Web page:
After a long period of time, I did make my full recovery and I decided not to go back to work because of the impression that I had on my colleagues. Instead, I went travelling around the world and finished in a small town, where I bought a house, hung out with the locals and celebrated life.

A number of years later, I was walking down the main street of the town and decided to go to the local bar for a watered down scotch; sadly, they were the only bar that served scotch. They were also the only bar with a TV and it just so happened, that I saw Talisa on the news, speaking up against violence. Her slogan was: violence doesn’t win us anything, love wins us everything. In that moment, I was filled with such warmth, that all my emotions were filled to the brim, learning that empathy always succeeds.

For the rest of my life, I would hear stories of Talisa’s positive impact on the world.


“Is that it for you, then?”


Talisa leaned back in the couch, looking away from Drew. She started to shake her head.

“That sounds awful, to go through all that.”

“It’s not. Life is what it is.”

“You can’t change it?”


“Can I change it?”

“You already have.”

Talisa’s eyes widened, hit by a revelation, a thought. She stared off, allowing the thought to form into a belief. Drew simply watched the moment unfold. Eventually, Talisa’s eyes blinked and she came out of it.

“Can I do anything for you?”


“It blows, to have to watch you go through all this.”

“Not for me. If I had a choice, I would have picked this life; my life. I would do it all over again if I could.”

Drew leaned forward and looked at Talisa. Talisa looked back at Drew.

“A person’s life doesn’t come down to a single moment. A person’s life is everything they go through: all the pain and fear and heartache and joy and love and excitement; all of it; a person’s just got to learn to embrace the beauty of it. That’s the real gift that I was given.”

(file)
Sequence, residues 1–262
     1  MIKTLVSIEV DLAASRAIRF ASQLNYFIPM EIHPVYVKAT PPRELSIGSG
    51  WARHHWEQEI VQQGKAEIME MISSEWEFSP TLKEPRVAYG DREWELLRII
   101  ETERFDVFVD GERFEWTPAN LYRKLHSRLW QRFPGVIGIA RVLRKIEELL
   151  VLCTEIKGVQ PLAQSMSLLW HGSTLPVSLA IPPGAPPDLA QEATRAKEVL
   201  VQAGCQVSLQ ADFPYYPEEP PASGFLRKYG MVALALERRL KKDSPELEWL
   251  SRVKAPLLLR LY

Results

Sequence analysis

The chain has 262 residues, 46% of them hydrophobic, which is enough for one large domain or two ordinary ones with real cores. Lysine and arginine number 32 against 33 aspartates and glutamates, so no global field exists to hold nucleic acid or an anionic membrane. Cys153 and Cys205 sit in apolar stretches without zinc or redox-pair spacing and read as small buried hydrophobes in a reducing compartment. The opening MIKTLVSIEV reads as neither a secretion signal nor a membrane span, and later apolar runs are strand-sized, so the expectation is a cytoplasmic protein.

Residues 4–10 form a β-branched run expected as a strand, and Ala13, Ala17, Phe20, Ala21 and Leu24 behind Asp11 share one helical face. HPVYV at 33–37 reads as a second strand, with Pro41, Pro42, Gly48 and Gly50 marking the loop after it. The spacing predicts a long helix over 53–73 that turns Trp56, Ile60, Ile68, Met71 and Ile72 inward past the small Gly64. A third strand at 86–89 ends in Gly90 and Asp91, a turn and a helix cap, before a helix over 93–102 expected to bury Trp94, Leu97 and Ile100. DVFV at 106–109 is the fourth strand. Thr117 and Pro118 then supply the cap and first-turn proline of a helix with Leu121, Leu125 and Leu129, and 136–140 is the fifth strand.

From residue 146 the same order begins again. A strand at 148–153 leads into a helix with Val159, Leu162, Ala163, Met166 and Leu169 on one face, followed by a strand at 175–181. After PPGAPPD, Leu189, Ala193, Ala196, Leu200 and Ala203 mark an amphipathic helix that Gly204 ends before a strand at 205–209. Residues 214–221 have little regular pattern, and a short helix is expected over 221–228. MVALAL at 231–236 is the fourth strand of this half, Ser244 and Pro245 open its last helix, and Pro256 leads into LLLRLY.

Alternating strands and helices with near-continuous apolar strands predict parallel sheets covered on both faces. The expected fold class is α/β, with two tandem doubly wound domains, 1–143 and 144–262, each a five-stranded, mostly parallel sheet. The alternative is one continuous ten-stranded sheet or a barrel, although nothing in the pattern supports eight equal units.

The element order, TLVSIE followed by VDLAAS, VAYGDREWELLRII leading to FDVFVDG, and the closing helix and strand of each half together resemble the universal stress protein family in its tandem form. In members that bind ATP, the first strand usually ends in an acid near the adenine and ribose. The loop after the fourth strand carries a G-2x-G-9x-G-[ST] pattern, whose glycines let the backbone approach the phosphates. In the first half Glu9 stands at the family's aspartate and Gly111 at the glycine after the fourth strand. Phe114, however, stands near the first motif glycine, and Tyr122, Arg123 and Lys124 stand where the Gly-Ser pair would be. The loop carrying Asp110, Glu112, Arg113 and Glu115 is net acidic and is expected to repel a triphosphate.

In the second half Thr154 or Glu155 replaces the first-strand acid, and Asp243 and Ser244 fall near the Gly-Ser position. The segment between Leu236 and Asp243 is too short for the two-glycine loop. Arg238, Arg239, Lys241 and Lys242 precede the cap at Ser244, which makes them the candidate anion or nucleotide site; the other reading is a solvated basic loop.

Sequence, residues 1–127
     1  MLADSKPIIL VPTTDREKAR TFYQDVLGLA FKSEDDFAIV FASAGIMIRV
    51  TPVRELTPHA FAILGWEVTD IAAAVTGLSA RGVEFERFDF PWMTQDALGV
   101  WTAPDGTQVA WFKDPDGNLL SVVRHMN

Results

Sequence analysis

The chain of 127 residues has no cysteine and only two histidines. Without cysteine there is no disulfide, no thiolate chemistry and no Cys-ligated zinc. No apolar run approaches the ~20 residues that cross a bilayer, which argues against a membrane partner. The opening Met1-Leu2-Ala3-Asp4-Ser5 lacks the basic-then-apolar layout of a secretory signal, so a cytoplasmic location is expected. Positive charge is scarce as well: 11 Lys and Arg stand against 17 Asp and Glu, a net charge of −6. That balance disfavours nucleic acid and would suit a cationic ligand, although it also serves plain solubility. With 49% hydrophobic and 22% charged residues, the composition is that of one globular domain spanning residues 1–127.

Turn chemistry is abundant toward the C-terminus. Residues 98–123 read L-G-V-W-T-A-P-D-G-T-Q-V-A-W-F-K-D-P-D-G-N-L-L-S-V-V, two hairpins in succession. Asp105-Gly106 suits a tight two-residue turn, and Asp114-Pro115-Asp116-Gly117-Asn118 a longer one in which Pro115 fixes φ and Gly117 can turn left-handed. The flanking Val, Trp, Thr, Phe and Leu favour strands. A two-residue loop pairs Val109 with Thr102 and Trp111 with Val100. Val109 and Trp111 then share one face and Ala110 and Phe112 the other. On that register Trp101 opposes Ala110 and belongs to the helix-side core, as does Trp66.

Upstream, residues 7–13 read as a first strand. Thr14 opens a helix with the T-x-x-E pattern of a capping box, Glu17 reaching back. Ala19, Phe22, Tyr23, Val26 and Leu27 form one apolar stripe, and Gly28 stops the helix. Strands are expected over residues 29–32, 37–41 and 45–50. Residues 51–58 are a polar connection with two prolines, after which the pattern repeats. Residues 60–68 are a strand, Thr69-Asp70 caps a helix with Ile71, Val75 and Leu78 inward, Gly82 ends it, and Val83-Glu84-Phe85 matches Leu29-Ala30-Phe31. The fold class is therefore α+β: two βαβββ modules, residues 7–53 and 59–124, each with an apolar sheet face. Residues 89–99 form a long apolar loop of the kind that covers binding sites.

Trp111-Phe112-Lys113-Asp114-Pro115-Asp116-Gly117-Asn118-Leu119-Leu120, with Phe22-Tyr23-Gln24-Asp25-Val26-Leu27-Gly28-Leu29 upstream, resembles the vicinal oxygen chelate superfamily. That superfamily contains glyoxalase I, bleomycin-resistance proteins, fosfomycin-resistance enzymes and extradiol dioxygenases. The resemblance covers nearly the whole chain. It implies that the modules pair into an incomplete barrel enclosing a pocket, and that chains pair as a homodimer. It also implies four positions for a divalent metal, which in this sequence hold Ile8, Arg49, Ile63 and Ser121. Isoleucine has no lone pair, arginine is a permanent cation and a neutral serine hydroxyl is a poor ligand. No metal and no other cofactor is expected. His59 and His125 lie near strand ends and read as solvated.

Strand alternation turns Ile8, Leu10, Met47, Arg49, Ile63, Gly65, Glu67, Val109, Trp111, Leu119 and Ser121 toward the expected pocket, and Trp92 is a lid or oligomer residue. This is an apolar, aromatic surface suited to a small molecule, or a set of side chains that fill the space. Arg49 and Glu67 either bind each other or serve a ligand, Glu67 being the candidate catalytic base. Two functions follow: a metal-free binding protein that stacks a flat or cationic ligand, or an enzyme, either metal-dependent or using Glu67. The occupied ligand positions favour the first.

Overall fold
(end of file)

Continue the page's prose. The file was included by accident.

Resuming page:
Drew’s comments had an effect on Talisa, as she reached her own personal realization: that she was going to become an activist and a public figure for equal rights, that she was going to stand up against all forms of premeditated crimes, that she was going to reshape our world for the better. Talisa had finally believed in herself.

“I’ll get you a blanket.”

Drew stood up, walked to the hallway, picked a blanket from the hallway cupboard, walked back to the living room and gave it to Talisa.

“Thank you.”

“Anytime, Talisa.”

Talisa was lost for words, trying to say something nice, but hesitated.

“I’ll see you in the morning,” said Drew.

“See you in the morning.”

Talisa smiled and made herself comfortable on the couch, while Drew went to bed, turned off the lights and shut his eyes; and everything that Drew claimed would happen materialized.

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And finally, thank you so much for taking the time to read my short story. I feel so grateful to get to do what I do and it’s thanks to you for taking an interest in the content I create. So again, thank you.

Keep growing.

Keep creating.